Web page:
Monday, August 1, 2016

Take What You Can Get

Cable Advisory Committee (rt), Pete Hechenbleikner (top ctr) Jim Lescault (left ctr)

UPDATE:  Select Board decided to hold off on making any decision about the Comcast renewal until they are at full strength (only 3 of 5 members present this evening).


In his final day as Temporary Town Manager Pete Hechenbleikner made it perfectly clear to the Cable Advisory Committee and Amherst Media Director Jim Lescault that he was going to recommend the Amherst Select Board accept and sign the ten year cable renewal contract with Comcast.

The CAC met this morning with Hochenbleikner to discuss and vote on a recommendation to the Select Board and after an hour and a half of discussion decided to take no vote but declared a "consensus" that the offer of one time capital payment of $950,000 was too low.

The Committee was concerned about taking a formal vote when two of their most experienced members were absent.

The previous 2006 contract generated only $450,000 for capital and Mr. Hochenbleikner stated this current offer of $950,000 was the highest in the state for municipalities of comparable size (Northampton, for instance, was paid $750,000).

The town will get to continue using the iNet infrastructure at no extra charge for three more years and then can build their own or renegotiate with Comcast for its continued usage.  A new (better) system will cost about $250,000.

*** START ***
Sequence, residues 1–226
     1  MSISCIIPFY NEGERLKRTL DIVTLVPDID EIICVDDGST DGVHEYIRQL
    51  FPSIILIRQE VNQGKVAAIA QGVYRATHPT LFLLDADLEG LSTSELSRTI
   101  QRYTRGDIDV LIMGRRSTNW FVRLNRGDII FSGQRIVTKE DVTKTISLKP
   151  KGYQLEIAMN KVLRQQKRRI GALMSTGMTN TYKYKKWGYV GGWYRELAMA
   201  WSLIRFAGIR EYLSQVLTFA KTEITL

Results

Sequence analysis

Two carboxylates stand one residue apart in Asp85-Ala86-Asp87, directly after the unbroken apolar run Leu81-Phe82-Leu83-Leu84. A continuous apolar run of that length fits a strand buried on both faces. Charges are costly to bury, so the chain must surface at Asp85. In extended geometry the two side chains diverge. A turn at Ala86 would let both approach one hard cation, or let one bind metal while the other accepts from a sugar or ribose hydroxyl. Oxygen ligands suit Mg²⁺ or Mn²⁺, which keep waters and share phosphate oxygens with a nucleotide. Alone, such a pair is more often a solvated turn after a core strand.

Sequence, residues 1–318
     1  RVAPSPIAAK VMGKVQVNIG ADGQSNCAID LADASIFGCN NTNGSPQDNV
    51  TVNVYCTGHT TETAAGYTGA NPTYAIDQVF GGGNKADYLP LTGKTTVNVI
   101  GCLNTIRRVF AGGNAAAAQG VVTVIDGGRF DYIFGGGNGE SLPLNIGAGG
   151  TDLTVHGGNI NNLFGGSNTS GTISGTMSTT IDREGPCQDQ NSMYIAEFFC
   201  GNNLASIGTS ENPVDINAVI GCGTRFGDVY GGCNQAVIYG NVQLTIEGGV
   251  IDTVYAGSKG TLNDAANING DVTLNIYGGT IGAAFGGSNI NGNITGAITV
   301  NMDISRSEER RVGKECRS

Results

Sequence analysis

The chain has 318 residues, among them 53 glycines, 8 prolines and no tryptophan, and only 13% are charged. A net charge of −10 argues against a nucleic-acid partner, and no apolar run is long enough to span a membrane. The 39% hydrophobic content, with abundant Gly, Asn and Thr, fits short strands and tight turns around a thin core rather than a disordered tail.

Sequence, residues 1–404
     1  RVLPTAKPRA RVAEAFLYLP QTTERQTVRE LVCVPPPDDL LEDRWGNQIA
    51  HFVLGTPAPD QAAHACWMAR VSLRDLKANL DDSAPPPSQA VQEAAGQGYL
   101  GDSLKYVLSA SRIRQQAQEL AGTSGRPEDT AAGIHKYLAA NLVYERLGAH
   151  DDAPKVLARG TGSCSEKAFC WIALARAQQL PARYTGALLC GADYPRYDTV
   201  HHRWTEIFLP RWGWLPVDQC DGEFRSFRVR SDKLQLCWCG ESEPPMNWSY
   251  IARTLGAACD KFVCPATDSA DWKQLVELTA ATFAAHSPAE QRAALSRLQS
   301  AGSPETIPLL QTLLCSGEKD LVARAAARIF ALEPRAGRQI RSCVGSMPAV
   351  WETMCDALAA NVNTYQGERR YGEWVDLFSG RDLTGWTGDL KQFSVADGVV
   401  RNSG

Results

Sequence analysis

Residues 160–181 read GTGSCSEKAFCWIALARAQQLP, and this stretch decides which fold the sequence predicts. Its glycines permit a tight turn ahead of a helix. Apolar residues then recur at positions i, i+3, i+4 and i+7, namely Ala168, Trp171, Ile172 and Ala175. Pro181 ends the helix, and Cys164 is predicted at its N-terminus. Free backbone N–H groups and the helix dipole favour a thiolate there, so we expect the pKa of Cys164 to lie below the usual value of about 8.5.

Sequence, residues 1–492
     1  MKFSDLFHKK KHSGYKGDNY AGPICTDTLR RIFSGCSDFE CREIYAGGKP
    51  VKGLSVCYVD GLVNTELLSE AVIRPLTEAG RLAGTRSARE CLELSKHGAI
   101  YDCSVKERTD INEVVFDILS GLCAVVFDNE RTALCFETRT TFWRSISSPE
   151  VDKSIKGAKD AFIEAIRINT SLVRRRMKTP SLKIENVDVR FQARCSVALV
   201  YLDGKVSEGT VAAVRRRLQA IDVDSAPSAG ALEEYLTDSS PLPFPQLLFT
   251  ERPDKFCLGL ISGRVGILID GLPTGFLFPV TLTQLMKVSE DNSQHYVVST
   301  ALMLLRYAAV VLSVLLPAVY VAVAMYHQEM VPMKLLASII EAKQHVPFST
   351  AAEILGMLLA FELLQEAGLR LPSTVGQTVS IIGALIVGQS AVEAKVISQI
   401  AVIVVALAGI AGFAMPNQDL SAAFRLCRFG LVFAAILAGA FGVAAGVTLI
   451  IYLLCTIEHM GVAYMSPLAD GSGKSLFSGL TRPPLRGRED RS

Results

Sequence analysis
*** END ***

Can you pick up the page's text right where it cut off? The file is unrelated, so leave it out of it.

Comcast will continue to pay 5% -- the standard amount -- cut of cable TV revenues to the town (about $300,000 annually), which is then turned over to Amherst Media to provide for their programming on three channels, called "PEG Access."

Click to enlarge/read
 To be presented at tonight's Select Board meeting



Anonymous said...

This only hurts Comcast in that they don't want to lose customers because the rates get too high. It's not like they are paying for it. We are!

Anonymous said...

That's a lot of money for what I see on the public access channels.

Walter Graff said...

This is a ridiculous number based on population, needs, and three public access channels. Someone is looking to pocket something here. Other towns do quite fine with a reasonable allocation. This is not a reasonable request for Amherst and will only cost everyone in the end for something that simply does not have the ROI.